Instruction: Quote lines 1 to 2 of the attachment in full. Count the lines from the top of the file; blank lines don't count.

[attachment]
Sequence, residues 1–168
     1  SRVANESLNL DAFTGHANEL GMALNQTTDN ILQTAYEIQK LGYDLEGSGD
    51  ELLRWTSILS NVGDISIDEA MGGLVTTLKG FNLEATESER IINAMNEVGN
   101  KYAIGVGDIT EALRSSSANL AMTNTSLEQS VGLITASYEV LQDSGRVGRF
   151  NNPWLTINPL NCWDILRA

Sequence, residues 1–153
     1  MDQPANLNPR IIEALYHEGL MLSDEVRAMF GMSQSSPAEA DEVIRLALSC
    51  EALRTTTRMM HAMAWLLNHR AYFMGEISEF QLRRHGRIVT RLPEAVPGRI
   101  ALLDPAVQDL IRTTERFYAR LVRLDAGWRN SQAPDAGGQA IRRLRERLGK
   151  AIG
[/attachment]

Sequence, residues 1–168
     1  SRVANESLNL DAFTGHANEL GMALNQTTDN ILQTAYEIQK LGYDLEGSGD